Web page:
JAKARTA (REUTERS) - Indonesian police have found hundreds of books containing Islamic State (ISIS) propaganda targeting children at the home of a suspect arrested in connection with the stabbing death of an officer, a police spokesman said on Monday (June 26).
Another suspected militant was shot and killed by police during Sunday's attack on a police station in Medan, the capital of North Sumatra province.
The wife of the arrested man told police her husband had spent six months in Syria in 2013, said police spokesman Rina Sari Ginting, adding this was still being investigated.
Police believe the men were part of Jemaah Ansharut Daulah (JAD), an umbrella organisation on a US State Department"terrorist" list which supports ISIS and has hundreds of Indonesian followers.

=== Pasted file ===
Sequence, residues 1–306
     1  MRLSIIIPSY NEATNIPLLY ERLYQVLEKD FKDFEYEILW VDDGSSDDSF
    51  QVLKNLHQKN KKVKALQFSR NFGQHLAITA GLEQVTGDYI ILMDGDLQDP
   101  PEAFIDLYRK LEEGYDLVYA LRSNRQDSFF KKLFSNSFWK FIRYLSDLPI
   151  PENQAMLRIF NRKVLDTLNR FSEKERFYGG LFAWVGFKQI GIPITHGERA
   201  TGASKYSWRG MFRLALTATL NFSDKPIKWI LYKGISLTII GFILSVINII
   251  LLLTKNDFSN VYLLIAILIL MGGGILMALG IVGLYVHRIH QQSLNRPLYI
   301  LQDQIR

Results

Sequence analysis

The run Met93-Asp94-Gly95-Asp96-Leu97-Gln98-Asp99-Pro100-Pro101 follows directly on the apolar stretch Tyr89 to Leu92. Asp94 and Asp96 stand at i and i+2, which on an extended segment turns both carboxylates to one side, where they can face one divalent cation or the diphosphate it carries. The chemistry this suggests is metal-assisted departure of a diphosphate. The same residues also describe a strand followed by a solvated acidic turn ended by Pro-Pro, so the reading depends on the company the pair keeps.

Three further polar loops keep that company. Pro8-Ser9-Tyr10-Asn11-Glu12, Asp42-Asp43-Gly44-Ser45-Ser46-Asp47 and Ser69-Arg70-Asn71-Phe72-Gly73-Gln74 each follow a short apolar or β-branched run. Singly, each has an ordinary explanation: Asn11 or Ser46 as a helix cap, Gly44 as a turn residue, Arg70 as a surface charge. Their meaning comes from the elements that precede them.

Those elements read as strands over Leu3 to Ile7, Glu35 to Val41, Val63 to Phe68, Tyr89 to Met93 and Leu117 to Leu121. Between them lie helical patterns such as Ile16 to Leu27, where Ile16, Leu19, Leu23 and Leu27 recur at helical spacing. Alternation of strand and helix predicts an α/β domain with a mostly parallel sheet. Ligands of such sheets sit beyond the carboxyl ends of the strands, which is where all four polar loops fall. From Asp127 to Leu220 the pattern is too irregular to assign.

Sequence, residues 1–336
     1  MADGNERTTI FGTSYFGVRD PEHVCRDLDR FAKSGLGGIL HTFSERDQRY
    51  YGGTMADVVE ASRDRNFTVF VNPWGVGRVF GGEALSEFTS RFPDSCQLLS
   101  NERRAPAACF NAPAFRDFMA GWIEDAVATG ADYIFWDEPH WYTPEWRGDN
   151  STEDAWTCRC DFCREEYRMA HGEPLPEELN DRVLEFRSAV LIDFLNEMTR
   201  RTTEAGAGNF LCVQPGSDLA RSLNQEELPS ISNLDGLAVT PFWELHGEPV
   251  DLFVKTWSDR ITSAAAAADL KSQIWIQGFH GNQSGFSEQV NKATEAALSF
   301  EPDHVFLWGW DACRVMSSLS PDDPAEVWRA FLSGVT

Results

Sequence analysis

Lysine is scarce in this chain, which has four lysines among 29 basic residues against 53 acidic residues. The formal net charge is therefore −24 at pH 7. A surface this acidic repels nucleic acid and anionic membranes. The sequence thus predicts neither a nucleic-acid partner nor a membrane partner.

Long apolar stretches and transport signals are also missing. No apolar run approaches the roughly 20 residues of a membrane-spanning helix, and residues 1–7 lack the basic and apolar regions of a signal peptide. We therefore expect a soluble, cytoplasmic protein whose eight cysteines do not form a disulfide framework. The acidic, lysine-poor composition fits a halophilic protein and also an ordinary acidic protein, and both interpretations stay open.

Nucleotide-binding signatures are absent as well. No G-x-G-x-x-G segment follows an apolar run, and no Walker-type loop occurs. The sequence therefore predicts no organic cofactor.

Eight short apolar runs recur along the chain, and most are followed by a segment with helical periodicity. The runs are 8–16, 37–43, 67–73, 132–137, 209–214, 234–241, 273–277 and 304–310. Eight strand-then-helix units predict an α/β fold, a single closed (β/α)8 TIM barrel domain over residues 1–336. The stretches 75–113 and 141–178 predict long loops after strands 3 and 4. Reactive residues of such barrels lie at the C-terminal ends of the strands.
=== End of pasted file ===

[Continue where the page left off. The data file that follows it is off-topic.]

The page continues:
"We can see from the pattern of their attack that it is likely they belong to the JAD network," said Ms Ginting.
There is concern about a rise of militancy in Indonesia, which has the world's biggest Muslim population.
ISIS sympathisers have carried out a series of mostly low-level attacks over the past few years, and there are fears about the return of hundreds of Indonesians who have gone to Syria to support the militant group.
The books aimed at children that were found at the home of the arrested man were written in Bahasa and included pictures and messages supportive of dying in jihad, or holy war, Ms Ginting said.
They appeared to be designed and printed by the suspect, she said.
Police believe the suspects had intended not only to kill police during Sunday's knife attack but also to seize their guns.
Out of 12 people being questioned in connection with the attack, one had been made a suspect and is alleged to have helped the attackers by surveying the police headquarters, she said.
Police were also investigating whether the attackers were linked to three suspected militants who were arrested on June 6 in the area by anti-terrorism police.